Even after the press release declaring that disengagement was implemented and mutually verified at Gogra (PP-17A), satellite imagery illustrates that China’s semi-permanent bases remain in the region, except in an administrative area along Changlung River. It is unclear whether India has accepted these Chinese structures on the Indian side of the LAC. Secondly, given that it is India’s conception that the PLA had intruded into the Indian side of the LAC and was then compelled to withdraw (the same distance as the Indian Army), it is evident that the whole buffer zone is completely on the Indian side of the LAC. Essentially, if China entered Indian territory and then withdrew a specific distance, the fact that India withdrew too may imply that the Chinese have managed to de facto shift the LAC further westwards into Indian territory and created an area within Indian territory where Indian troops can no longer patrol. Veterans are concerned whether the point to which Indian troops have withdrawn, will be considered the new LAC. Observers were also hesitant to acknowledge the information provided by the press release as sacrosanct as it stated that “the troops in Gogra have been in a faceoff situation since May last year.” There had been no acknowledgement of this fact in 2020 or 2021 despite several speeches by the Defence Minister and other high-level military officials, fomenting concern about the actual number of face-offs that are currently underway on the LAC Western Sector in Ladakh that the Indian public have not been informed about. Analysts have highlighted similar practises of “obfuscation and denial of information” by the Indian government during the Doklam crisis in 2017, where though the Indian troops withdrew to their permanent post, the PLA withdrew only 150 m and created a fully operational permanent military base. As the government utilizes terms like “friction points” or “sensitive areas of faceoff”, veterans have expressed their concern that this not only dilutes the crisis and keeps the Indian public in the dark but could also create a situation analogous to Doklam at Gogra. Senior army officers have also been troubled by the Indian government being “very economical with the truth” as it continues to change its official position without keeping even the defence forces in the know. The government has not issued a statement with the specific details of the disengagement (other than vague assertions of the same). Nor has it informed the higher-level army officers exactly when India will regain patrolling access to the newly-created buffer zone.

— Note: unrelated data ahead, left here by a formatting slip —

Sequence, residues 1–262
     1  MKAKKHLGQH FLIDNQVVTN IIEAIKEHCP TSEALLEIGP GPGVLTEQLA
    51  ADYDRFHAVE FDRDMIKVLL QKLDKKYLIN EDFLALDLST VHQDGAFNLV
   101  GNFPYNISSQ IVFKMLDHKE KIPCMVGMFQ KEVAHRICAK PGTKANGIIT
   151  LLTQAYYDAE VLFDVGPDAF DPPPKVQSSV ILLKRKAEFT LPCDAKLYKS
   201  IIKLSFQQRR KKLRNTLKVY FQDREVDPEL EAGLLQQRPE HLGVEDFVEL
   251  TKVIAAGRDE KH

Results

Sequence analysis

To further comprehend the implications of the new buffer zone, it is important to understand why the Chang Chenmo Sector – Gogra (PP-17A), Hot Springs (PP-15) and Kongka La – is strategically important. The LAC and the 1959 Claim Line (CL) coincide in this area. On 21st October 1959, a CRPF patrol of 20 jawans was waylaid by the PLA at Kongka La, leading to 10 deaths and 7 taken as prisoners of war. China unilaterally withdrew back to the 1959 CL after the 1962 Sino-India war. This area is strategically important because three axes or approaches lead to Aksai Chin from here, which reduces the journey for Indian Army patrols in the Galwan Valley by 70-80 km. One axis runs eastward from Kongka La to Lanak La (through the Tibet-Xinjiang Highway 219), the second runs northward from Kugrang River via Changlung Nala (PP-17 and PP-17A), and the third runs 30 km upstream via Jianan Pass (PP-15 and PP-16) towards the upper banks of the Galwan River. Given its proximity to contested borders and territory, acrimonious neighbours, and hostile terrain, it has long been India’s strategic imperative to develop road infrastructure to better accessibility – which it has aggressively pursued over the last decade. For China, this constituted a direct threat to their contested claims in Aksai Chin. In retaliation, the PLA intruded across the 1959 CL via Changlung Nala and Jianan Pass to hinder Indian access to the Kungrang River Valley beyond Gogra (north bank of Galwan River), and to Kongka La and Hot Springs in Eastern Ladakh. Though the incursion was only 3 km and 4 km respectively, the configuration of the mountainous terrain ensured that Chinese occupation denied the Indian forces access to the 30-35 km-long and 4-5 km-wide Kugrang River Valley. In both these cases, veterans observed that China was able to successfully achieve its military aim of preventing the development of border infrastructure that would potentially endanger its fragile and contentious claims upon Aksai Chin and Galwan Valley. They also discerned that because this area is linked to Lukung by a 100 km-long road through dangerous terrain, if the PLA does not disengage or continues to escalate the situation, access to the entire Chang Chenmo sector could be cut off at Tsogtsalu, Marsimik La, or Phobrang. Given that India is still unsure about the conditions at Pangong Tso, a Chinese offensive north of the river would cause the loss of all territory northwards and northeast of the river. China is aware of these factors and is extremely focused on its strategic objectives in the area. Thus, it was improbable that it would agree to restore status quo ante April 2020, despite India’s objections to the matter. By agreeing to implement the buffer zone at PP-17A, India has agreed to either a de facto buffer zone in the entire Kugrang River Valley and all routes leading north of the LAC, or to two buffer zones – beyond PP-16 and PP-17 northwards of the LAC and the Kugrang River. In both cases however, it has conceded to halting patrolling in a large area within its territory, which had been accessible until April 2020. Senior military officials have reiterated that is essential that India accept and operationalise the immediate strategic imperative of bridging the differential in comprehensive national power (comprising of economic and military capability) with China, if it is to entertain any hope of effectively countering China in the region. The Indian administration must seek to foster two to three decades of economic development and revolutions in military affairs, while maintaining a balanced influence in the region as it encounters a rapidly expansionist China.